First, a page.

Driver #3: Customization

Personalized, tailored medicine is gaining traction among consumers and health care providers, resulting in a higher number of smaller batches being produced. Lower volume manufacturing in any industry needs flexibility and efficiency while being cost effective, and modern packaging and coding solutions can help achieve this.

Fully integrated companies that manufacture and market a range of pharmaceutical preparations in various dosage forms must be able to customize for diverse therapeutic categories, across various geographies. Rather than opting for fully pre-printed packaging materials and labels, many companies are printing on demand. On-demand, variable-data package coding technologies support smaller production batches and enable drug tailoring while reducing packaging inventories. Performed on the production or packaging line, these agile technologies provide greater flexibility for customization while managing critical, complex coding to adhere to regulatory and traceability requirements.

Exploring packaging substrates

Packaging materials and production processes must align with global regulations and support an efficient, cost-effective supply chain while addressing sustainability, traceability and customization trends. But not all coding and marking solutions are the same, and the ideal system must be carefully matched to the packaging substrate.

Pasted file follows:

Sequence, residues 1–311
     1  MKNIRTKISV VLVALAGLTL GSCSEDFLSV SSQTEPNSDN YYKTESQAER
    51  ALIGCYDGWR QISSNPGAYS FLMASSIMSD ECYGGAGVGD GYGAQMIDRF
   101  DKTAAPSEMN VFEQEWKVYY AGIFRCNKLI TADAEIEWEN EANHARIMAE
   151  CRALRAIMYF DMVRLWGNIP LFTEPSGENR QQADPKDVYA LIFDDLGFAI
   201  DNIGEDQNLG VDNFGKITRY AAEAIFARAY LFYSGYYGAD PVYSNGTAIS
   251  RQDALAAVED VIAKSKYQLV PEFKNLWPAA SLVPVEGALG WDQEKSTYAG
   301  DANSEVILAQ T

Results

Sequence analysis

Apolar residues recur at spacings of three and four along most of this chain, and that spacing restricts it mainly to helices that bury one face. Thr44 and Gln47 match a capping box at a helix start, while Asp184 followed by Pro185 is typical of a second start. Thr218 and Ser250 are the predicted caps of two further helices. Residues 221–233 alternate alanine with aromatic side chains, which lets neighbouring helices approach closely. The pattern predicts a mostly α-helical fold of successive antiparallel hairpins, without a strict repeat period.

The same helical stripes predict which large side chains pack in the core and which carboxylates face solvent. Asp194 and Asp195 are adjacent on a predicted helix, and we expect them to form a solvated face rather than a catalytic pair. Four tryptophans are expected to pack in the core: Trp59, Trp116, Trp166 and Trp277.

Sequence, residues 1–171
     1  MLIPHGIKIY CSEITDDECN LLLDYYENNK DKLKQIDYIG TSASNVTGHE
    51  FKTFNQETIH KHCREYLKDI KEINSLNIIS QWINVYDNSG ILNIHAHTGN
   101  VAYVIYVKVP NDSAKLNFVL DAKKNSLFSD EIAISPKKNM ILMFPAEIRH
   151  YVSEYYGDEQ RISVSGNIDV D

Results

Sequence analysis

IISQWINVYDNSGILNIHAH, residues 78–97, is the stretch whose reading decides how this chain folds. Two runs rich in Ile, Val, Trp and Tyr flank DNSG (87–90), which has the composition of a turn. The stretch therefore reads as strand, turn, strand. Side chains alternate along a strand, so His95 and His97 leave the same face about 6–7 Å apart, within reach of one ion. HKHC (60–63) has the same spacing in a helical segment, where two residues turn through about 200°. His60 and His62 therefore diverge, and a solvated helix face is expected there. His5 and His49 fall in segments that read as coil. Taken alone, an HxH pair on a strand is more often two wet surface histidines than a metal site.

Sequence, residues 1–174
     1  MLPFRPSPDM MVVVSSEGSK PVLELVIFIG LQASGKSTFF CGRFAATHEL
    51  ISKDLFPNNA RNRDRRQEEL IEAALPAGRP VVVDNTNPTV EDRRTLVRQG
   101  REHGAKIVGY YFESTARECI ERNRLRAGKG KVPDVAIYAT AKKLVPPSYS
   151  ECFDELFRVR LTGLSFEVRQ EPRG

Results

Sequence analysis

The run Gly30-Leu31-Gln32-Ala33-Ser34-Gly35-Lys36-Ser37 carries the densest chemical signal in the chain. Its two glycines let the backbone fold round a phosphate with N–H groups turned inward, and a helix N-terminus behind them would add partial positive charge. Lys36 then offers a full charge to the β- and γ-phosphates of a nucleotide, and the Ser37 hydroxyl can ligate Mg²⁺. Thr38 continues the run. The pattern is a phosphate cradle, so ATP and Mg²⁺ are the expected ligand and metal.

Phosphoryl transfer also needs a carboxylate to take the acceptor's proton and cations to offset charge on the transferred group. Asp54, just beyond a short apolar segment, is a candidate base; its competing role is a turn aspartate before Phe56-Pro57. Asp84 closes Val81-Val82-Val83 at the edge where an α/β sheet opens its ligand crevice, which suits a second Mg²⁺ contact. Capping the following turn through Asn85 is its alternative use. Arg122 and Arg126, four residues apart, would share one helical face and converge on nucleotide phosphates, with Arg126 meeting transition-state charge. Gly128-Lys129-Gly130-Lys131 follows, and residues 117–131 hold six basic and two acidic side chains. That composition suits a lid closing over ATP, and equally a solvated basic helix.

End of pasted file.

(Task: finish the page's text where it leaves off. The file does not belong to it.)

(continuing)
For example, folding cartons are one of the most widely used packaging materials for drugs and medical devices because of their versatility in form and function. Unit-level, variable-data printing and marking technologies like thermal inkjet (TIJ), continuous inkjet (CIJ) and laser marking systems perform well on most carton types.

Flexible packaging such as pouches and stick packs are handy, user-friendly options for many pharmaceutical and medical device manufacturers. Pouches, often made of Tyvek, medical paper, metal foil and plastic, can be coded with thermal transfer overprinters (TTO), CIJ printers, and even laser marking systems.

White HDPE (high-density polyethylene) bottles are a very common choice for pharmaceutical products, especially in North America. Until recently, it has been a challenge to deliver the high resolution, high contrast codes required for machine readability on these bottles. Now, innovations in laser marking technologies leverage UV wavelengths to create crisp, indelible black marks including serial numbers and 2D bar codes on HDPE. Laser marking can also achieve high-resolution codes on the side, bottom, shoulder or cap of HDPE bottles.

Supporting patient safety and security by protecting drugs from contaminants, blister packs are another leading packaging format. TIJ, CIJ and lasers are all suited to applying codes in the small areas available on blister packs while meeting line speed requirements.

Vials, syringes and ampules are inherently challenging for coding, given the small size and radius of the packaging. Integrating a coding solution into OEM equipment can provide improved product control, leading to high quality human- and machine-readable codes.